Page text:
7 November 1920

18 William Street  ,

Streatham Hill, [sic] 1

London, S.W 2.

7.11.20

                My dear Daddie,

Very many thanks for your cheque.  The two Hall fees are not the same.  The one Moberly notified me about in the vac. for keeping my name on the books, also for use of library, etc – baths are the most important part of the etc. – The other is always paid by a graduate to his college on receiving his degree, an excellent ancient custom amongst men’s colleges eagerly adopted by the women’s.

Your loving daughter,

Margot.

 

1Margot has slipped between her Oxford and home addresses!

 

18 William Street  ,

Cowley Road,

Oxford.

7.11.20

                My dear Mother,

Many thanks for your letter and parcel, and also for the note.  The shortbread is delicious.  I am sending you off a parcel next week, as I have enough clean clothes for the moment.

I am glad you have better news of Grannie.  Is Auntie Bell any better?  I had an awfully nice chatty letter from Auntie Hilda this morning besides Daddie’s.

I am awfully glad to have finished at Milham Ford for the present, for it made me very tired, although I liked it.  Henceforth I teach one day a week only, so shall have a little time for my theoretical work.

Everybody at M. Ford was awfully nice, especially the history mistress, Miss Wyllie, who was, as it were , my O.C.  She is great fun out of school and very demure and efficient in her official capacity.  She is coming to tea with us on Wednesday.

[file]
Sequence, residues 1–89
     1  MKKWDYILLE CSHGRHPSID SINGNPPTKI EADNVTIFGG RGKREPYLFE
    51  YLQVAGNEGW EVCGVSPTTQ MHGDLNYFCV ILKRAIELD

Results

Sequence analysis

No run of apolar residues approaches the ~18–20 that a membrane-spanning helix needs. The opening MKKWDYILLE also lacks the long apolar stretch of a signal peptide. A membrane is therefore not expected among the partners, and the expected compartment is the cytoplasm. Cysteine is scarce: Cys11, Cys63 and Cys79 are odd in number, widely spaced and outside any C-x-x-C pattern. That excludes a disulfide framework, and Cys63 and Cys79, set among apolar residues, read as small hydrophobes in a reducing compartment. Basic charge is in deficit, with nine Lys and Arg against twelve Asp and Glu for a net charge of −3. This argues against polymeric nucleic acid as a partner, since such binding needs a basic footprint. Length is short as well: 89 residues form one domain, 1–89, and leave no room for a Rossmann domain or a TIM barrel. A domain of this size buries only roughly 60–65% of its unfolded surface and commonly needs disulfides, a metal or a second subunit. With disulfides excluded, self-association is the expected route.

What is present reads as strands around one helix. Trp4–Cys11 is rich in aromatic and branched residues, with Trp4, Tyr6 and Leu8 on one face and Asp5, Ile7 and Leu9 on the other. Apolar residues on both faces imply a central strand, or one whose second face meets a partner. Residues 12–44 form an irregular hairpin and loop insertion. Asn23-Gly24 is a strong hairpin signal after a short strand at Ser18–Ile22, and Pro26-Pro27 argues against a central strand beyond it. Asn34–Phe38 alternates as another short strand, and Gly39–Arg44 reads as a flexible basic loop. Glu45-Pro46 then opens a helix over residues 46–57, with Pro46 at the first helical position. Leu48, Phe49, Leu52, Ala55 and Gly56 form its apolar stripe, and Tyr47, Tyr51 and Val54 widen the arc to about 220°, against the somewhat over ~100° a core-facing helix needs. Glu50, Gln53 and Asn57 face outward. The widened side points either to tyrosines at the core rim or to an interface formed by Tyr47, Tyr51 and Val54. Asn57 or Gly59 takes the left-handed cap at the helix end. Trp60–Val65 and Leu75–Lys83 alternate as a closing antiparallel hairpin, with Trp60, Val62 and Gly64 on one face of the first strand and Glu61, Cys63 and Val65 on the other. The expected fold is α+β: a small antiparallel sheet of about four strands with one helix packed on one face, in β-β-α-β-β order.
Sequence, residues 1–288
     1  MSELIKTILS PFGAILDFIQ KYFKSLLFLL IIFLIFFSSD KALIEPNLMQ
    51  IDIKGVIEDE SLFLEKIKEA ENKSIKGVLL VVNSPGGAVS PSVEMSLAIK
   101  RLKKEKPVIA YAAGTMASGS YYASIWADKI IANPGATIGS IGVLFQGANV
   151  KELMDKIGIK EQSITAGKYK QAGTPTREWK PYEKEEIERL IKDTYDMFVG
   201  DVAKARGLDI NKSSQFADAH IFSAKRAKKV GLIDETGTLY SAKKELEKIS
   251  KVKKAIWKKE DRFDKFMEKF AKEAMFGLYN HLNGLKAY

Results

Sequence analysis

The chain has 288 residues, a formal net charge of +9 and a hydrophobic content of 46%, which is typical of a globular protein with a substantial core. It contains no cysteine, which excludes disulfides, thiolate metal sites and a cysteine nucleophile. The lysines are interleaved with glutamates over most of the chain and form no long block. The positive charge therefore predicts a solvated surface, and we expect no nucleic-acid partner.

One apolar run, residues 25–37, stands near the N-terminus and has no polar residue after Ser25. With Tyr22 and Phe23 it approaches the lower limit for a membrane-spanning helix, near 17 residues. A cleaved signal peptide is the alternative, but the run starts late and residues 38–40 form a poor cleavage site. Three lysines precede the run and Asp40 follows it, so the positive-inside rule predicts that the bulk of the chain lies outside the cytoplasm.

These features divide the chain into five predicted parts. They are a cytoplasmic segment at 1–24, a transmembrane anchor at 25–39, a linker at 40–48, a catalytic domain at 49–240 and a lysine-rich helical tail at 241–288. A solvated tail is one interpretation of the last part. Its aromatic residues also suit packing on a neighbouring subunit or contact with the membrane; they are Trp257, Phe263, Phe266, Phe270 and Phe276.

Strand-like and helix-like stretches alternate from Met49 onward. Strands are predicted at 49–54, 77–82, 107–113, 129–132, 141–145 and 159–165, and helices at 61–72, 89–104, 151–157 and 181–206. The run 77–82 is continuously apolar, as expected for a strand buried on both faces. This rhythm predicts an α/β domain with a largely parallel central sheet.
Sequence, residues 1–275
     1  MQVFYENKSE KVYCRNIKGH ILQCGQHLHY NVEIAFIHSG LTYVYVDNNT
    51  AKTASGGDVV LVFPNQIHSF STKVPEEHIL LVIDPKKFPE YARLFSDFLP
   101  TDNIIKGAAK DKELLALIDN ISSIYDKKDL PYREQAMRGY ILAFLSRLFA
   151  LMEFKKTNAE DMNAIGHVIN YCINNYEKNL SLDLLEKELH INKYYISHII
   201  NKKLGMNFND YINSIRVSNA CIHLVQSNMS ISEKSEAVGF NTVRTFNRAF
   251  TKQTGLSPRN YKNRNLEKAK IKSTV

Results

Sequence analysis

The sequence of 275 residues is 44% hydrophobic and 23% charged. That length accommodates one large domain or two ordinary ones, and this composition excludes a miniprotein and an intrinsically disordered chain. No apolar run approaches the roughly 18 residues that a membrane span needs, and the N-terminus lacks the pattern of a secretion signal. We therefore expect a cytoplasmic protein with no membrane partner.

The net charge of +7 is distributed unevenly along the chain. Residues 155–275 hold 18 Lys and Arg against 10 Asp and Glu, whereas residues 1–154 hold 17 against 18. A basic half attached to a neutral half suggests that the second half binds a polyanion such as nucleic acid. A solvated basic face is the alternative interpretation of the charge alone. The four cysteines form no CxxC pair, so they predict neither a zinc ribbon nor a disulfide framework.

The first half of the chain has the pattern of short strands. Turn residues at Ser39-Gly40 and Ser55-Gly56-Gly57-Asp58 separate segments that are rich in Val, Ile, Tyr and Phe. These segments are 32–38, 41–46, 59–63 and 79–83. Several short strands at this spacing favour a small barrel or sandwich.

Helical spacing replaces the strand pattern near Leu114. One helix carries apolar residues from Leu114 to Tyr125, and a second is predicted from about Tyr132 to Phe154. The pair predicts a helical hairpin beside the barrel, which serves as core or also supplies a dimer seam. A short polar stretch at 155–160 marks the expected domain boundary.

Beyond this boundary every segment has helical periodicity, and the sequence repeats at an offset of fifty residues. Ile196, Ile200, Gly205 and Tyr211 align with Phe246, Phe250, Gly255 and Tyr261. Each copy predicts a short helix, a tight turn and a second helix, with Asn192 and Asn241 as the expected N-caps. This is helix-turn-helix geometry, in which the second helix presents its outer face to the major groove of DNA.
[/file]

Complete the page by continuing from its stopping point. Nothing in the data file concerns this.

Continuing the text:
The D’Oyley Carte have been here this last week.  On Thursday we went to see “Patience” – Joyce, Gilbert, Arthur Marsden, and I – such a jolly party.  Gilbert is a most entertaining youth – he kept not only us but the whole queue in fits of laughter.  It was rather cold, so we bought some roasted chestnuts off a passing barrow and ate them, also supplying a whole crowd of Madgalen School boys, who were behind us.  The show was very good, particularly the Dragoons.  It was surprising how many of the people in the stalls we knew.  Among them towards the front was Mr Asquith.

Last night the freshers gave their play – an Oxonian burlesque of “Alice in Wonderland”.  The mad tea party became a mixed coffee party with the door mouse as chaperone – “if I sleep while I chap. can I not be said to chap. while I sleep?”  Finally the progs appear, and in the subsequent enquiry it was decided that the tea party was illicit because the chaperone was only partially on the premises, having been put into the tea-pot!

I hope you are not working too hard, or worrying too much about Mrs Katsch or the business.  I am sorry to hear about Ted.  I will try and write to Emmie.

Your loving daughter,

Margot.

Next letter to be posted on 14 November 2017.

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